Research in Brief: Youth Attitudes Regarding Police Effectiveness and Trust in One Midsize City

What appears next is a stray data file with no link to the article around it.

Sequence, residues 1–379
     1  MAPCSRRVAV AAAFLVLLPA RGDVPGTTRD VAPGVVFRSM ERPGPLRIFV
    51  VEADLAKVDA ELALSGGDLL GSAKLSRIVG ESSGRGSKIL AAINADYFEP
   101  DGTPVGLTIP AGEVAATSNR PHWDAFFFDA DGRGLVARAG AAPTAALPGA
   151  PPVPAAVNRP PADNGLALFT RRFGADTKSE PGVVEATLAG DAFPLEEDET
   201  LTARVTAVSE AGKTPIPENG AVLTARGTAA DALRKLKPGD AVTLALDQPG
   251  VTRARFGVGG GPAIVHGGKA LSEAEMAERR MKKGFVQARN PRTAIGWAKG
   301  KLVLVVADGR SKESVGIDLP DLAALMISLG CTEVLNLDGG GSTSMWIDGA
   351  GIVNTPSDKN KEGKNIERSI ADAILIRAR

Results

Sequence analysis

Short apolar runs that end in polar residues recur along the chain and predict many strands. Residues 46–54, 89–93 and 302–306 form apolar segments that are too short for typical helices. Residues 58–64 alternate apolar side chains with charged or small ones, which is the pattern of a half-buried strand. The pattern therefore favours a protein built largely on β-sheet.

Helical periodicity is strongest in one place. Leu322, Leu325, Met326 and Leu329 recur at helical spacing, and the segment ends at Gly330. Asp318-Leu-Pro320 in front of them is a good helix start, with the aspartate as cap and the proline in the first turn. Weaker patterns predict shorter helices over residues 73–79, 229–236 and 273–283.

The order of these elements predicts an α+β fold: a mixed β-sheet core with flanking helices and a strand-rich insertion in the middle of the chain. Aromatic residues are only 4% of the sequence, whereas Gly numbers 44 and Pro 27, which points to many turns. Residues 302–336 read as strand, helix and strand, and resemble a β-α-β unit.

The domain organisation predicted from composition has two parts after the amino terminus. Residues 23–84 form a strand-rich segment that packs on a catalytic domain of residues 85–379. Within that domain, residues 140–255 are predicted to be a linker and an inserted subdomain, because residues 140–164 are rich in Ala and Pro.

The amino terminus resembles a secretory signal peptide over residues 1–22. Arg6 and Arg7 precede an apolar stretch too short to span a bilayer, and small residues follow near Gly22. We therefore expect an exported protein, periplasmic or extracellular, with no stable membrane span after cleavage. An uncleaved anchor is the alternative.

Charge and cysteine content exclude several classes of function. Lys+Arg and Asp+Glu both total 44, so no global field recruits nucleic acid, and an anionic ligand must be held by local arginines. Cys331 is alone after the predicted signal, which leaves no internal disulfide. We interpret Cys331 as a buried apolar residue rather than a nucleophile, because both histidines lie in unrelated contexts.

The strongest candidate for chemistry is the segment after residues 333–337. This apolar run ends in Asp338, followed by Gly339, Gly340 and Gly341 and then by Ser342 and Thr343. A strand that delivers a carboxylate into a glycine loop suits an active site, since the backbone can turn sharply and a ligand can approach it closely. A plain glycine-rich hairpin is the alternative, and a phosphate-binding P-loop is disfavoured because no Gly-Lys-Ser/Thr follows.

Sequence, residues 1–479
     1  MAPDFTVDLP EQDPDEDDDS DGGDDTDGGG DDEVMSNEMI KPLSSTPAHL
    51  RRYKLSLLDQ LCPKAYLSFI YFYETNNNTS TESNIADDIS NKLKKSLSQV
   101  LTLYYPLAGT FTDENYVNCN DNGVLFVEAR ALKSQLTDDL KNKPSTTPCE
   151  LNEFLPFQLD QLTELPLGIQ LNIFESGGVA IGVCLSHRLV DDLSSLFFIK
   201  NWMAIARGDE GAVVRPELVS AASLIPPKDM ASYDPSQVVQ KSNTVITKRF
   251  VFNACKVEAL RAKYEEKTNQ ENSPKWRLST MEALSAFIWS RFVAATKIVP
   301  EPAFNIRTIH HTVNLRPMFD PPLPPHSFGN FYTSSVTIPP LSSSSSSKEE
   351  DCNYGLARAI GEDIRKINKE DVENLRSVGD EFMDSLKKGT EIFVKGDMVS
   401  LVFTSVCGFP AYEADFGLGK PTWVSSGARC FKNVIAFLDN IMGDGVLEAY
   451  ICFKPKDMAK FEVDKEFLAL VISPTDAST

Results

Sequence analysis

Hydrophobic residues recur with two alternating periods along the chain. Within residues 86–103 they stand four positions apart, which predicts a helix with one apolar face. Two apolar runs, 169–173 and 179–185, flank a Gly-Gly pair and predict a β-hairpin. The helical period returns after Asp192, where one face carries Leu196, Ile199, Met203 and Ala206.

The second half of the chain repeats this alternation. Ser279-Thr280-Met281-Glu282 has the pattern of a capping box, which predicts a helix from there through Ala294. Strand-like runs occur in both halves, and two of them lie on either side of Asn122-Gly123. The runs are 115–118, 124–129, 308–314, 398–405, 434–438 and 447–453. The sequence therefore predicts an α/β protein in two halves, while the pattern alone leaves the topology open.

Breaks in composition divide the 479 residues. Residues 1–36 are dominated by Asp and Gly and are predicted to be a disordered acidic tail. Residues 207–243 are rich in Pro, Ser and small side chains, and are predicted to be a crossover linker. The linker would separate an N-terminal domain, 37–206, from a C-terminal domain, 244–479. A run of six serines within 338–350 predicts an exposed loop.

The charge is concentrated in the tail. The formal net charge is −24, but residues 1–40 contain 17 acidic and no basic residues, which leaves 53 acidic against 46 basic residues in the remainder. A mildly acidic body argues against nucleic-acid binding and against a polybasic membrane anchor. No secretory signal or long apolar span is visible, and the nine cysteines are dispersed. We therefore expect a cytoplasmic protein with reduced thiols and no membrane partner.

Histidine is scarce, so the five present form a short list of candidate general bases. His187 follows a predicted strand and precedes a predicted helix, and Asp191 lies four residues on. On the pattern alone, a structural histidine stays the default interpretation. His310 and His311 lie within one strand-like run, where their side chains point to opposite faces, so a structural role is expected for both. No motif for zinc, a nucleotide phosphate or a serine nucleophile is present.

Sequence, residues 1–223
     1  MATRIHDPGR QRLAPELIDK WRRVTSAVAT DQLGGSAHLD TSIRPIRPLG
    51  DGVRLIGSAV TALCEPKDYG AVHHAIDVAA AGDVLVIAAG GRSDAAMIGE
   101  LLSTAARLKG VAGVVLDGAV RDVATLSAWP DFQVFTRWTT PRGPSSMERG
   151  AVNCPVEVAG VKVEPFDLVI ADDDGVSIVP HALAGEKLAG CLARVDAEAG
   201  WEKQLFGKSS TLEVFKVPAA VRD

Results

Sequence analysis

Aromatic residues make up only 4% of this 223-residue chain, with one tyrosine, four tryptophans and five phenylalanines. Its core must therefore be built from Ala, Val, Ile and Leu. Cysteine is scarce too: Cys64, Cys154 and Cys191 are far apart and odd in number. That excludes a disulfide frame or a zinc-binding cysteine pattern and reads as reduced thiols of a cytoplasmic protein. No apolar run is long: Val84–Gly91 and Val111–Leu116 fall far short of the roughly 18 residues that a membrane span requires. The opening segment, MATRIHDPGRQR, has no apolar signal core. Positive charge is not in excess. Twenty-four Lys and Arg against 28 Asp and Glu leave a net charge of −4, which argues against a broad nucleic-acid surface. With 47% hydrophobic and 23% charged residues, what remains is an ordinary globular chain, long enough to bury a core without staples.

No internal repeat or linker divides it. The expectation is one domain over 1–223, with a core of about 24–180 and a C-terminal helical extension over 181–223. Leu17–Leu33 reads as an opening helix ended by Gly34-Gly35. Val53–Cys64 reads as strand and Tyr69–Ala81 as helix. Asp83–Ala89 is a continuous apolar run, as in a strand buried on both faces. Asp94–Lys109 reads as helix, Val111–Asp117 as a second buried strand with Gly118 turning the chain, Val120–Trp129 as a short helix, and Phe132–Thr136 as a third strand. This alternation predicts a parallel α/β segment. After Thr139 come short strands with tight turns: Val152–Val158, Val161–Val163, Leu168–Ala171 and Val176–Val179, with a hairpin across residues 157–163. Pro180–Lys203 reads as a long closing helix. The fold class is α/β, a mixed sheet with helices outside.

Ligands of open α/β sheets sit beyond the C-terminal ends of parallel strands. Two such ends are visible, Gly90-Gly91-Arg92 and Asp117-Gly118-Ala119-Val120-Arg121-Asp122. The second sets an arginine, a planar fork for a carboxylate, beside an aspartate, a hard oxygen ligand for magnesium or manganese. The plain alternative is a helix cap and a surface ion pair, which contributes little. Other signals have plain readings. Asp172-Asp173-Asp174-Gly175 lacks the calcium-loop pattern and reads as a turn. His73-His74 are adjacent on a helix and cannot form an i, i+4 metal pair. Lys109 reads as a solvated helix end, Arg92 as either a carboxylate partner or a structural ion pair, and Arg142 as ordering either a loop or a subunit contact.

A number of high-profile deadly force encounters over the past couple of years have sent a shockwave of anti-police rhetoric across the United States. The resulting tension has caused some officers to say they are less likely to engage in certain self-initiated activities, leading to claims that negative public perceptions have caused a widespread de-policing effect.1 To the extent that this may be true, researchers have also considered whether such trends have included a decrease in officers’ willingness to engage in community partnerships, a key element in building trust with community members. One recent study found such an effect but ultimately determined that officers’ willingness to engage the community was mediated by their perceptions of organizational justice and self-legitimacy (i.e., self-confidence in their own authority)—two potential indicators of working in a healthy organizational environment.2 Regardless, the fact remains that some officers and some departments may have become more apprehensive about engaging members of their community, particularly within groups that might share negative attitudes about law enforcement. Other departments, meanwhile, are responding more openly instead of avoiding these difficult and sometimes awkward conversations.

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